Copywriting 101: How it Can Help You Write Fiction 

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When people ask me how I pay the rent and I tell them I’m a copywriter, I’m often met with bewildered stares. For some reason, the word “copy” before “writer” confuses people. So here’s a simple definition:

a copywriter is someone who provides the words used to sell or promote different products, services, ideas, and even people.

You encounter copywriting every day of your life: The ads you hear on the radio as you’re getting dressed in the morning. The back of the cereal box you read while having breakfast. The commercials you see on TV. The billboards you pass on your commute into work. The cute little description of the flirty dress you want to buy from your favorite online store. Even the fun names of the drinks you peruse on the after-hours menu.

Someone had to write those words, right? And that someone was likely a professional copywriter.

I turned to copywriting after I left a seven-year career in radio broadcasting. In my radio life, I wrote quite a bit of copy for spots (commercials), and I figured I could do more of that work on my own. I started my business in 2002 and learned as I went, devouring copywriting bibles, such as The Copywriter’s Handbook by Robert W. Bly.

In the beginning, I worked part-time jobs to help supplement my meagre earnings. I wrote everything from blog posts to white papers, radio spots to print ads, newsletters to lead nurturing campaigns, marketing plans to social media posts. Topics ran the gamut: Quartz countertops. Concierge medicine. LED lights. Industrial generators. Banana leaf journals. Cowgirl shirts. The list goes on and on.

By 2007, I was able to shed the part-time jobs for good and make my living solely from my copywriting gigs. And while I never dreamed of becoming a copywriter—my big dream, as some of the regular Mash readers know, is to write fiction full time—copywriting is not a bad way to earn a buck.

But the biggest surprise? Copywriting has helped me with my fiction endeavours. Let me explain…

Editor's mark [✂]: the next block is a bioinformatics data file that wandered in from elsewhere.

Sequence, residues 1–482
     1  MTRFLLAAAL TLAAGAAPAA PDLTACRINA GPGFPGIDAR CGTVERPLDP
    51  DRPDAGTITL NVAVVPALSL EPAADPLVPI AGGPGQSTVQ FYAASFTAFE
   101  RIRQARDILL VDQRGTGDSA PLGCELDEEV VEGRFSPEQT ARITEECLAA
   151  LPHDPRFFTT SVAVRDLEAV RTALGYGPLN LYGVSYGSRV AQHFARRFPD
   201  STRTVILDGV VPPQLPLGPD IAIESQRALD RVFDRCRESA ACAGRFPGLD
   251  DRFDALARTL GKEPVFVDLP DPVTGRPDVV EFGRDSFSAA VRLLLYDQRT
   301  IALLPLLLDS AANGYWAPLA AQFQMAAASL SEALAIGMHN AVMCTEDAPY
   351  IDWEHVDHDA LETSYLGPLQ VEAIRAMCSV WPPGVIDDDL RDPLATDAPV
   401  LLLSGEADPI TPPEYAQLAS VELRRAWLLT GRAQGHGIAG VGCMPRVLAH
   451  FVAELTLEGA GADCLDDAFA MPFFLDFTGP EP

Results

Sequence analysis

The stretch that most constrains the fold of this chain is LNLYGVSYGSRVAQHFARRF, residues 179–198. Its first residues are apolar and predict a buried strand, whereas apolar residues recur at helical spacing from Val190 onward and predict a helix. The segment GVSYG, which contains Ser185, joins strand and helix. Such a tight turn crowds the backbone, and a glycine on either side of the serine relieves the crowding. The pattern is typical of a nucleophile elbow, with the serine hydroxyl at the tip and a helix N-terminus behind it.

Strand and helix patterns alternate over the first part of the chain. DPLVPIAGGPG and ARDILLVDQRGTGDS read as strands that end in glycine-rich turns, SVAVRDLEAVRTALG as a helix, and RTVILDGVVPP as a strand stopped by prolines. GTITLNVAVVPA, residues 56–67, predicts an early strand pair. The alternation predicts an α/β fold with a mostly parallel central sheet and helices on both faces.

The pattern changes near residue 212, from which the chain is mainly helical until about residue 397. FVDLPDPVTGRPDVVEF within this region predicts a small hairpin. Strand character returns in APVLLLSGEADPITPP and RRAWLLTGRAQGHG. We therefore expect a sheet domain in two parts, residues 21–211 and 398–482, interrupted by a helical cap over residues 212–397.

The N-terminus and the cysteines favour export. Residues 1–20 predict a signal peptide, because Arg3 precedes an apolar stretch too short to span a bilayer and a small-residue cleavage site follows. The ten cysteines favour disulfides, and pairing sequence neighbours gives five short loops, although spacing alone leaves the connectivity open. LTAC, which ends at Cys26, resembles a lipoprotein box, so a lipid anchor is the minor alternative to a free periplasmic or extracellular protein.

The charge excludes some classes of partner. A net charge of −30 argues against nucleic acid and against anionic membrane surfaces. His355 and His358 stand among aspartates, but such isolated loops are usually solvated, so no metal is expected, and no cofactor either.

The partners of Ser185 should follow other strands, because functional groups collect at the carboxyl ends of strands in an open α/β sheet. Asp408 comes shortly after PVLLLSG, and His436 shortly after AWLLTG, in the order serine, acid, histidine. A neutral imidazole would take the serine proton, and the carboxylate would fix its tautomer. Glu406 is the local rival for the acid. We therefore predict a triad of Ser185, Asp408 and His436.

Copywriting doesn’t wait for the muse. When I’m in copywriting mode, I certainly welcome the muse, but I don’t have the luxury of waiting for her to whisper in my ear. My copywriting life is driven by deadlines, so I write even when I don’t feel it. This has served me well in my fiction life, and it’s probably the main reason I don’t believe in writer’s block.

Copywriting embraces word economy. The main goal with most copy is to clearly explain something in as few words as possible. This has influenced my fiction writing style—and for the better. I carefully consider every word I choose and constantly ask myself if the writing is as tight and clear as it could be. (And no, I haven’t mastered word economy, but I’ve gotten much better at employing it, thanks to my copywriting work.)

Copywriting forces me to keep up with marketing trends. If I were to give people my full job title, I’d say I was a freelance marketing copywriter, but that’s a mouthful. And it would likely only confuse people further. But being a marketing copywriter means I need to keep up with marketing trends in everything from social media to search engine optimization to everything in between. This has helped me develop my marketing chops in general, something that serves me well when promoting my novels.

Copywriting keeps me sharp. It’s fair to say I write every day, and that I have been doing so for years. Sometimes I’m writing marketing copy. Sometimes I’m writing fiction. Often, I’m writing both. Any time I put fingers to keyboard, I’m honing this crazy writing craft. And that’s a good thing.

So what should you do if you’d like to learn more about copywriting and possibly make a living from the words you write? Here’s some good news: there’s a TON of copywriting work out there. And there are plenty of online resources to help you get started. Here are two I recommend:

1.   Copyblogger. Follow this blog and consider taking Copyblogger’s FREE course: Copywriting 101 – How to Craft Compelling Copy.

2.   HubSpot. If you want to keep up with the world of inbound marketing, HubSpot is the place to start. Content marketing (which involves content creation—i.e. copywriting) is a sub-set of inbound marketing, and HubSpot’s blog will quickly get you up to speed. And it, too, offers a free certification course.

Feel free to leave questions in the comments below, and I’ll do my best to answer them (or direct you to an online resource).


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Robyn Bradley is a copy bitch by day and novelist ninja by night. She has an MFA in Creative Writing from Lesley University, and she won a short story award in 2007 for “A Touch of Charlotte.”

Her work has appeared in FictionWeekly.comThe Breakwater Review, and Writer’s Digest (under her pen name E.T. Robbins), among other places. When she’s not writing or sleeping, Robyn enjoys watching Law & Order marathons, drinking margaritas, and determining how many degrees really separate her from George Clooney. Robyn is currently working on her third novel. Visit to learn more.

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